Every Bandit machine starts its life in our humble plant, nestled in mid-Michigan’s farmland about an hour north of the state’s Lansing capitol. We take exceptional pride that American hard work, sweat and ingenuity are baked into every machine that bears our name. But even though every Bandit is made here, not every Bandit will stay on American soil.

Bandit has been pushing into global markets since the beginning, but things changed in 2008 during the economic meltdown that impacted the entire world. International Sales Manager Felipe Tamayo matched his global vision with Bandit President Jerry Morey’s aggressive business model, which helped Bandit weather the economic downturn better than many companies.


“The best thing we did internationally was hire a very dynamic young man,” Morey said. “Felipe really was the inspiration for what we did. He took everything to a new level.”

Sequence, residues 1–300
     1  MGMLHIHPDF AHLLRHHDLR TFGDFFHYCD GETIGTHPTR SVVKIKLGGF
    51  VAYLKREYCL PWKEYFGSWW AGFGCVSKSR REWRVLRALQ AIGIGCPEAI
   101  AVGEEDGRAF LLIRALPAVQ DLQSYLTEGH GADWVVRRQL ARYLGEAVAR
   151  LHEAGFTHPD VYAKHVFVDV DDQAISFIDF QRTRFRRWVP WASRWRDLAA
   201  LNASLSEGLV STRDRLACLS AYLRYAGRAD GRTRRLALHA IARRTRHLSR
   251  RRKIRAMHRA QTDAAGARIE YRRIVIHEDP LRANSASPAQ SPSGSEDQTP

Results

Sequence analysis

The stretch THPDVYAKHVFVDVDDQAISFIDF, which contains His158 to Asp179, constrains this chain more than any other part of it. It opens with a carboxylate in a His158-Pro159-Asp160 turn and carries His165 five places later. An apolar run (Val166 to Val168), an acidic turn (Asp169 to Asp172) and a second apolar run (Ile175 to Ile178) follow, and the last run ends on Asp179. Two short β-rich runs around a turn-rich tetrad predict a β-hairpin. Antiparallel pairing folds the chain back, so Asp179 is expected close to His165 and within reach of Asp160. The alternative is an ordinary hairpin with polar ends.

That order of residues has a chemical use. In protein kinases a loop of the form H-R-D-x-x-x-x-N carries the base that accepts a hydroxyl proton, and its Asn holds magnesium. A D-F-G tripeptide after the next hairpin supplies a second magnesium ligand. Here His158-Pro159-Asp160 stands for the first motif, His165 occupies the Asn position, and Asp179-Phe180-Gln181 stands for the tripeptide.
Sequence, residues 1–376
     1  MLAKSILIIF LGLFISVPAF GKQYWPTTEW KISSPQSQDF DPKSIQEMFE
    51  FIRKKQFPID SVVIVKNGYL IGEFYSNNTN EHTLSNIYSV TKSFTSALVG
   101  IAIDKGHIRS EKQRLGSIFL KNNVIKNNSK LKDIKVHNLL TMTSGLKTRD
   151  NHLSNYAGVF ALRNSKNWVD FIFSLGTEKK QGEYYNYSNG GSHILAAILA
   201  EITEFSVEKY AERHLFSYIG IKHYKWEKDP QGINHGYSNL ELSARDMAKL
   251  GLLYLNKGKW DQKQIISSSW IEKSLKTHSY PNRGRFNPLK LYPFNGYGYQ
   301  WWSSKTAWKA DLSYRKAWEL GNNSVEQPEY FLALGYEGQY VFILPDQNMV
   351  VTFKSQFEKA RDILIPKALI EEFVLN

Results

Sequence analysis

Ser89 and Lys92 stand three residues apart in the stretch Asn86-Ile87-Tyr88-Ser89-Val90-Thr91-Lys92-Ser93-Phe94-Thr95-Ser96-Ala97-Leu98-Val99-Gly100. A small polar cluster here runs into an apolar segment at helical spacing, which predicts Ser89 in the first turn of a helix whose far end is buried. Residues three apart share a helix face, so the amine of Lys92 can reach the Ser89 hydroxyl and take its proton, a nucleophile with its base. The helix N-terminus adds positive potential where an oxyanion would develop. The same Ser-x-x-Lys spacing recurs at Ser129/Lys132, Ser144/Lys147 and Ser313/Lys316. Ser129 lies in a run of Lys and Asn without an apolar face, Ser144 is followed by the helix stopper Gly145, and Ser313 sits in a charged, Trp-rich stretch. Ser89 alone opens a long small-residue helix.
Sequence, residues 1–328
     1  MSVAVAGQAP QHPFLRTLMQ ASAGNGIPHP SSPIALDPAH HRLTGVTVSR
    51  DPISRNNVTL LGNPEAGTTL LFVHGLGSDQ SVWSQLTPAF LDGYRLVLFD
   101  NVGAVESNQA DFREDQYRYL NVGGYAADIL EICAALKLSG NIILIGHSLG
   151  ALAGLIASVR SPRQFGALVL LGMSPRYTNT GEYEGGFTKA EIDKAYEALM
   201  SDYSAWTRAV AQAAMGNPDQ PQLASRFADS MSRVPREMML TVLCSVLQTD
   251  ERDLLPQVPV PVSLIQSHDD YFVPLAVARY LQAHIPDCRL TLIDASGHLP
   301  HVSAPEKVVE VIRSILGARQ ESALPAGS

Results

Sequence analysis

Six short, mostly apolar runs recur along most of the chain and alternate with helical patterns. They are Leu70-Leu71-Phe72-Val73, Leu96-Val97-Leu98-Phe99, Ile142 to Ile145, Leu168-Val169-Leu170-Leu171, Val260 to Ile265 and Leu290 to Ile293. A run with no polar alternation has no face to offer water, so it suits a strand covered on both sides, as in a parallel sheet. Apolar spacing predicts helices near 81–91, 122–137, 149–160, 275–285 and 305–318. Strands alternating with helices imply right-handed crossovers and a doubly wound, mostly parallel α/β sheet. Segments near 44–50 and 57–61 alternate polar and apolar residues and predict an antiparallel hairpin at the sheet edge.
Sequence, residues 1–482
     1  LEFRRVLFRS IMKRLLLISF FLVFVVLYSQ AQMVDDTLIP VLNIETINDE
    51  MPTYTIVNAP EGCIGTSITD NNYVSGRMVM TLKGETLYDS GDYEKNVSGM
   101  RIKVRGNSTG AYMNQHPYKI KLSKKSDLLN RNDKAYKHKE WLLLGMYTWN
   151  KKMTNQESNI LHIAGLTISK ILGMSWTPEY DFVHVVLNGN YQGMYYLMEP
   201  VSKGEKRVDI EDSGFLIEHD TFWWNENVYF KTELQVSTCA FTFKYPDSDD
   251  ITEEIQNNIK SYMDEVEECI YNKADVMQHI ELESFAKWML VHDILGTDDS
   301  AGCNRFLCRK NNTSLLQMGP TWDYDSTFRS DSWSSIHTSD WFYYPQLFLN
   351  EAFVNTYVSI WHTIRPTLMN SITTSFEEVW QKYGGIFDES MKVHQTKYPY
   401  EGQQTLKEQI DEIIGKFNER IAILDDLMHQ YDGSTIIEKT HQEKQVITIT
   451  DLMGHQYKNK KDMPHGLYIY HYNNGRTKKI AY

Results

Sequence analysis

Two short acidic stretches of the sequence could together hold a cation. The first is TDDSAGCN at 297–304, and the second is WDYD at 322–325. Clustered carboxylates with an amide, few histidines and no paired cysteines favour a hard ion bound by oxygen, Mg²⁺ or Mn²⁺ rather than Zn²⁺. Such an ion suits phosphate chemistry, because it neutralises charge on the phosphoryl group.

The tiny beginnings of each Bandit machine still start on the shop floors of Bandit’s plant, but the end destinations are far and wide. Bandit ships out dozens of machines every month, from our most compact stump grinders all the way up to our largest whole tree chippers and The Beast horizontal grinders. Most are bound for European countries, but an increasing number are finding their way to South America, Africa and Australia.


Bandit doesn’t just send machines out, though. We’ll bring international customers in, too, to give them an up-close look at our special manufacturing process.

“Most of the things we do are pretty much custom made,” Tamayo says. “You’ll see a lot of varying dimensions, a lot of varying types of operations the machines are capable of. We’re always open to whatever the customer wants. In fact, it’s actually very rare to see two similar machines.”


Read more about Bandit’s success with international markets in an article Global Trade magazine here.